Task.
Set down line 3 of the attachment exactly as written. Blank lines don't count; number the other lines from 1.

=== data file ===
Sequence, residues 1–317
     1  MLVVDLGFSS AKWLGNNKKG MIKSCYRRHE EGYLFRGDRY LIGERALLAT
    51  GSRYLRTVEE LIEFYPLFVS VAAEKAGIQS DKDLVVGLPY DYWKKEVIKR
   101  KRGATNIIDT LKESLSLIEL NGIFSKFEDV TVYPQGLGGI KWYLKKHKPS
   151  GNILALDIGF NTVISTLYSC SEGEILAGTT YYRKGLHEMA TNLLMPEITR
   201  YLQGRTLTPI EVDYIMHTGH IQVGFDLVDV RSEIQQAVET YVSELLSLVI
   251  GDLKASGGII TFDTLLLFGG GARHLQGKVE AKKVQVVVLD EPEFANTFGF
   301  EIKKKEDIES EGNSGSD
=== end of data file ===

    51  GSRYLRTVEE LIEFYPLFVS VAAEKAGIQS DKDLVVGLPY DYWKKEVIKR